by Amanda Jennings

(Published by Orenda Books)

Bookshelf – my choice for January

To begin the New Year, I have chosen 'In Her Wake' by Amanda Jennings for my January review. Chilling, complex and profoundly moving, it is an emotionally charged, psychological thriller.




Following a tragic family event, Bella Campbell's comfortable existence is suddenly ripped apart when she discovers that everything about her life was built on a lie.

Determined to uncover the truth about herself, Bella embarks on a personal journey of enlightenment which takes her to the ruggedly beautiful Cornish coast. As she starts to dig deeper, a series of further traumatic revelations lead to the discovery of hidden truths, past betrayals and a 25-year-old mystery – all of which threaten not just her identity, but also the only life she has ever known.

OCTOBER 2016: The Mountain in My Shoe by Louise Beech

DECEMBER 2017: The Eighth Day by Joseph John

JANUARY 2017 (b): You Are Dead by Peter James

JANUARY 2017 (a): Deep Down Dead by Steph Broadribb

FEBRUARY 2017: A Suitable Lie by Michael J Malone

MARCH 2017: Deadly Game by Matt Johnson

APRIL 2017: Stasi Wolf by David Young

MAY 2017: Dark Country by Darren E. Laws

JULY 2017: The Thirst by Jo Nesbo

JUNE 2017: Blue: A Memoir by John Sutherland

AUGUST 2017: The Crossing by Michael Connelly

SEPTEMBER 2017: Little Girl Gone by Alexandra Burt

Amanda Jennings writes psychological suspense and is the author of 'Sworn Secret', which was published in the UK, USA and Italy. It was an Amazon Kindle Top 5 bestseller in the UK; a Top 100 bestseller in the USA, and reached the number 1 spot in Italy. Her second book, 'The Judas Scar', was published in 2014 and optioned shortly after by a UK film and television production company. 'In Her Wake', is her most recently published novel. The story is set in Cornwall, where her mother's side of the family comes from, and where she spent long and very happy childhood summers. Amanda is a regular guest on BBC Berkshire's weekly 'Book Club' and enjoys meeting readers at libraries, book clubs and literary festivals. Amanda also writes a blog and is active on Twitter. She lives just outside Henley-on-Thames with her husband, three daughters and an unruly menagerie of pets.



Although I have read other novels dealing with a similar topic, 'In Her Wake' was refreshingly different as it explores the familiar scenario from another angle. It is cleverly written, engaging and poses the question of how much do we really know about our family … or indeed ourselves.

Throughout her early life, Bella Campbell knew only the confines of the family home she was brought up in. Having always wanted a child, her mother, Elaine, was attentive and extremely loving, but she was also fiercely over-protective and obsessed with keeping Bella safe. The neurosis included Elaine's insistence on Bella being home-schooled. This unhealthy state of affairs ultimately led to Bella being isolated from the outside world and totally reliant on her parents, who had now become virtual recluses.

When the time comes for Bella to attend college, Elaine is reluctant to let her go but is finally persuaded to retract her objection, allowing Bella to experience her first taste of freedom. However – as sometimes happens with people who have suffered oppressive or abusive childhoods – Bella soon finds herself drawn to someone who exercises the same characteristics as her mother … her tutor, David, who is twice her age. When they eventually marry, her new husband then proceeds to usurp the protective and controlling role once occupied by Elaine.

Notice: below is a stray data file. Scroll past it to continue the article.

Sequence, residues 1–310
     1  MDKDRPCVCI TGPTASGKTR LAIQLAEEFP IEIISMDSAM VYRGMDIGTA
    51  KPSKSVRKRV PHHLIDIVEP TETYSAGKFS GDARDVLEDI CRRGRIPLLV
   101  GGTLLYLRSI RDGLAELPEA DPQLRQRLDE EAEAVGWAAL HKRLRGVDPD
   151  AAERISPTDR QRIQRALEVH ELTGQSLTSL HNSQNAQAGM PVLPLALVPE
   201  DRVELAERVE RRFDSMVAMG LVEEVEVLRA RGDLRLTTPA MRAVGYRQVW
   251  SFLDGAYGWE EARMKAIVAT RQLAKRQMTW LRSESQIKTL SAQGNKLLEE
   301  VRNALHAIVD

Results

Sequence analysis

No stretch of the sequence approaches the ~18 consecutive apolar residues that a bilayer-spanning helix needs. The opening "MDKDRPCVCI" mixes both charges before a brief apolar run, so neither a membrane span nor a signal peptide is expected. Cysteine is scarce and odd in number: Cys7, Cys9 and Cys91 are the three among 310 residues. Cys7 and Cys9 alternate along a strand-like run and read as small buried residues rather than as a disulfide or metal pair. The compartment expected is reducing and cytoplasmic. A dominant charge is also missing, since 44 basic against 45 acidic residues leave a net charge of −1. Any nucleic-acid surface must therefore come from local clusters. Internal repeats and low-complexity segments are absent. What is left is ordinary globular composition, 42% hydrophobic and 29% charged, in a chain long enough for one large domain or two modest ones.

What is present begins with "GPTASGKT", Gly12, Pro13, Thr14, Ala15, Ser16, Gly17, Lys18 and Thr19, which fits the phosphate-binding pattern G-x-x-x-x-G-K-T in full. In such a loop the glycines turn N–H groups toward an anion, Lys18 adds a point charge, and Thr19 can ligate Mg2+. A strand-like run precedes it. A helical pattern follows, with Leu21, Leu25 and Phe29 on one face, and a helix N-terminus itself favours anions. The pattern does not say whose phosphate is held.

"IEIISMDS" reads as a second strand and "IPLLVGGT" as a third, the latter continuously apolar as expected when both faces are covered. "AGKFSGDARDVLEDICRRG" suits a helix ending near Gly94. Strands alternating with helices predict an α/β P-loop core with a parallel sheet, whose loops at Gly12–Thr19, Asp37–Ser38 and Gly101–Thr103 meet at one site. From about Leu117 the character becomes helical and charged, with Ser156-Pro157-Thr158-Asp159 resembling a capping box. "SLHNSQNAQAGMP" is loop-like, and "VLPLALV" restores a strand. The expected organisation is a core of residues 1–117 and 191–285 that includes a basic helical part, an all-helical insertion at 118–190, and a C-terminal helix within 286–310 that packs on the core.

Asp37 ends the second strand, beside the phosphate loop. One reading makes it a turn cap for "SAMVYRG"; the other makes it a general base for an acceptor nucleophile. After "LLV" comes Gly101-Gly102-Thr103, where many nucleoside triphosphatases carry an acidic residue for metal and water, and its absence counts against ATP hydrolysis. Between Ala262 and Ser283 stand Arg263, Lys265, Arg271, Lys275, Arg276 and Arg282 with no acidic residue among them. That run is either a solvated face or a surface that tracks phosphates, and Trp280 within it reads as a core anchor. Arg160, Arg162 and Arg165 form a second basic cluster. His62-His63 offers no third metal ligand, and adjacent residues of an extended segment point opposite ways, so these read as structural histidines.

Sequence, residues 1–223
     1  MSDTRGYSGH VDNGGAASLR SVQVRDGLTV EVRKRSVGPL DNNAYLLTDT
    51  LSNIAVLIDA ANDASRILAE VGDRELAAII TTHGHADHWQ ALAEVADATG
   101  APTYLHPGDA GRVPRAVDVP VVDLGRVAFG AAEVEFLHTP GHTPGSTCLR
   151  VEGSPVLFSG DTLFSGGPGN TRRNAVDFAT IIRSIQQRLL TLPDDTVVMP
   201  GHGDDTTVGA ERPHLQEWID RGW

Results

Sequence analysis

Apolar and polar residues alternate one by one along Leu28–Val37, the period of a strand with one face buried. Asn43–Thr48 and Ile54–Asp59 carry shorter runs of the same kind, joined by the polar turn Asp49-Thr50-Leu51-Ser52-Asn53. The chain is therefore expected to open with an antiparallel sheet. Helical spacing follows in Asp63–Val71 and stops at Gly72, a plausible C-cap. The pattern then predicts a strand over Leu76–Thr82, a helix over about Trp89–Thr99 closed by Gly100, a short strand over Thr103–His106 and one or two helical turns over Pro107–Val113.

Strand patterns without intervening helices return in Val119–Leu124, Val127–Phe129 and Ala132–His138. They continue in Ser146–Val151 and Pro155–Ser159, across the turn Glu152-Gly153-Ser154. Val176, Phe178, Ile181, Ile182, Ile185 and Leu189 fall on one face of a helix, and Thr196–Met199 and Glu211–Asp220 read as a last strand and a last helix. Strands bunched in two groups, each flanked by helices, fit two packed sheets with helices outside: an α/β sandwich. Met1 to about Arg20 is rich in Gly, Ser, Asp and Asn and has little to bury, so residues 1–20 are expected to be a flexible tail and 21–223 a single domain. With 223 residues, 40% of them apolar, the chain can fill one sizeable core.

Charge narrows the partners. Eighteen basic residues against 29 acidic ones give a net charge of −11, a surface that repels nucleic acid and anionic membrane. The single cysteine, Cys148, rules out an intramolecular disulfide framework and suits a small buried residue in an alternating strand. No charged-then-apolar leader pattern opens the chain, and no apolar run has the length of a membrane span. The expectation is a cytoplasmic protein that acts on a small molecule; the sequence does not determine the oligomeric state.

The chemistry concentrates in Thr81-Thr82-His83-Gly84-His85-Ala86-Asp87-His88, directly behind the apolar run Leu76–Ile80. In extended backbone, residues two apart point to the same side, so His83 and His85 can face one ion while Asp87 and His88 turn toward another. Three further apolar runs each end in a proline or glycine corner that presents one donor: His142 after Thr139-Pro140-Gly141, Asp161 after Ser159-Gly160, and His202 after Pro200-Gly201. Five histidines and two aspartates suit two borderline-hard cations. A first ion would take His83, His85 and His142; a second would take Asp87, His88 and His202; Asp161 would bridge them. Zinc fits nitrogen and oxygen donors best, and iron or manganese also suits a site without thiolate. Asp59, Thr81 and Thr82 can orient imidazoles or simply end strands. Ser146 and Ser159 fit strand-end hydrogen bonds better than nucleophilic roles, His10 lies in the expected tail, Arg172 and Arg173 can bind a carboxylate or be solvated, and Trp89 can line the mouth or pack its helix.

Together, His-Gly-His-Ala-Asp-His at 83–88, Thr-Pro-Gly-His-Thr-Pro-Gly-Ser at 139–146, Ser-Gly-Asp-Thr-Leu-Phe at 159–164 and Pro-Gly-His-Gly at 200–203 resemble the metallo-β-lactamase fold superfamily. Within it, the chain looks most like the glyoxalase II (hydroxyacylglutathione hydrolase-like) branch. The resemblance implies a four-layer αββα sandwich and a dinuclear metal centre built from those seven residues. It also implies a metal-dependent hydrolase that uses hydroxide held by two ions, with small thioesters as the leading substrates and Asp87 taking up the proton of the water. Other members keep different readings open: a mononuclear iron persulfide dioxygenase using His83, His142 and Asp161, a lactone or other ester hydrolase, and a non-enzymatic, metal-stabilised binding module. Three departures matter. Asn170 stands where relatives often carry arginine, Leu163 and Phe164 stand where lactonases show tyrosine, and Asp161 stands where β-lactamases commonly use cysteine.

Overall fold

In contrast with the close bond Bella shared with Elaine, her relationship with her father, Dr Henry Campbell, was always a strained affair. Henry could never quite allow himself to get close to his daughter, and so there was always an uneasy arm's-length tension between them. It is only when she arrives back at the house for Elaine's funeral that Bella feels he may be trying to close the gap and connect with her. However, the moment is short lived.

When a tragedy occurs after the funeral, Bella finds a letter from her father addressed to her, revealing a secret he has kept since she was a child. She is then devastated to discover the real reason behind his reticence and that her identity is a complete fabrication.

As Bella sets out to discover what really happened all those years ago – a journey that takes her to the coastal town of St Ives in Cornwall – Henry Campbell's secret is gradually revealed to the reader through a series of flashbacks, until the full force of the Campbell's unforgiveable deception is finally unveiled.

In the very early years of their marriage, Elaine's behaviour steadily became more erratic after suffering a series of miscarriages, while Henry gradually transitioned from an outgoing and contented person to a more troubled and withdrawn individual. However, even though he is ultimately complicit in his wife's delusional and immoral actions, it is impossible not to understand his reluctance to oppose her.

'In Her Wake' is a compelling story about the consequences of keeping secrets and the destruction it can wreak on people's lives. The personalities of the characters are well defined, therefore their reactions and responses to the conflicts presented by the storyline are entirely credible.

While Elaine and Henry's carefully guarded secret slowly destroys them, the opposite is true for Bella. Discovering the truth helps to turn her into a much stronger person, making the final resolution both satisfying and rewarding for both character and reader alike.


'In Her Wake' is published by Orenda Books and is available from Waterstones, W H Smith, Foyles and other leading bookshops. It is also available to download in eBook format.

NOVEMBER 2017: Rubicon by Ian Patrick